Summary: I was looking to automate configuration of iDRAC's (Dell Remote Admin Console) synonymous w/ iLOM and many other acronyms. I also wanted to enable domain authentication in a somewhat secure manner. By using a kerberos keytag, I'm able to in the very least obfuscate the username and password into a file for upload into the iDRAC. What follows is a journey into a ridiculous realm. PreReqs: RACADM ktpass Powershell 3.0 (2.0 probably works too, but I was using 3.0 @ the time) Your root CA's cert This is so it AD Authentication can be setup Solution: It's not a complete solution, but hopefully it'll help you get started in your own endeavors. Below assumes the iDRAC has been configured and is available on the network in default config. To generate a kerbero's keytab , you simply need the name and password of a service account (this is simply a Active Directory user account) in your domain. ktpass /pass ReallySecurePas5word /ptype K
The VPN client was unable to successfully verify the IP forwarding table modification. A VPN connection will not be established. Summary: I started running into issue utilizing Cisco AnyConnect on my Mac basically complaining about not able to overwrite IP forwarding tables. This was on 4.6.x. Since my VPN endpoints were not providing me w/ an updated client and w/ no access to Cisco Anyconnect downloads, my only option was to try openconnect. It was totally worth it, here is why and how to set it up. PreReqs: Homebrew Installing OpenConnect: Launch MacOS Terminal brew install openconnect Getting VPN IP's/DNS Endpoints from AnyConnect: The information is typically located in your profile xml files located here: /opt/cisco/anyconnect/profile/somethingsomething.xml In the xml file, you are looking for "<HostAddress>typicallyaDNSName.com</HostAddress>" entry. These are your VPN endpoints that you would need to pass to openconnect. Using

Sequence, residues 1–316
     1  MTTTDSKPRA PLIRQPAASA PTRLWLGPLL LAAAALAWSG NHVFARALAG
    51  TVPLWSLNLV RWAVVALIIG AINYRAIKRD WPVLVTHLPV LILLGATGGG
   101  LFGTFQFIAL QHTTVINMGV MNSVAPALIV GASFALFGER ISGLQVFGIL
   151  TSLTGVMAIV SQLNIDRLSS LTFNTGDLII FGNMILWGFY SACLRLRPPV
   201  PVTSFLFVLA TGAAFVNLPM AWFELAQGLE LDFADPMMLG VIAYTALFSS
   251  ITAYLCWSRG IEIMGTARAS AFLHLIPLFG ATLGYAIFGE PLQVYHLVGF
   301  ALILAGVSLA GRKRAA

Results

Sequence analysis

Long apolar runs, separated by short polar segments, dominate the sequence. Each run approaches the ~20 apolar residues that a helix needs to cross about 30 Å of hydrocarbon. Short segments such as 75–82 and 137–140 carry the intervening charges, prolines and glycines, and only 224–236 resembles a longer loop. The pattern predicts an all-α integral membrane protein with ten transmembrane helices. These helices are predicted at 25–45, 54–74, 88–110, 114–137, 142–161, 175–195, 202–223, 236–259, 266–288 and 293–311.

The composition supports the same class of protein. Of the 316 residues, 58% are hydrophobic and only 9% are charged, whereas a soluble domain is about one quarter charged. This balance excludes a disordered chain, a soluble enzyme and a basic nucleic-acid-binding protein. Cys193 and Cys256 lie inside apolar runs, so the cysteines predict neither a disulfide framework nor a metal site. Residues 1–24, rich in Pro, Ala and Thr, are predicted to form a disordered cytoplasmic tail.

Summary: Unable to connect to ESXi/vCenter server with Connect-VIserver cmdlet, get the following error: "The SSL connection could not be established, see inner exception." Be sure to "Set-PowerCLIConfiguration -InvalidCertificateAction:Ignore" if you plan to connect to an ESXi/vCenter that does not have trusted certificate. Interestingly, something must've changed recently because the PowerCLI module actually would output a more descriptive message about setting your PowerCLIConfiguration. This appears to be the case w/ Powershell Core 6.1. I'm actually unsure when this behavior started happening and whether is module or powershell related. Regardless, figured I'd post this since I was initially confused myself when running some things on another system.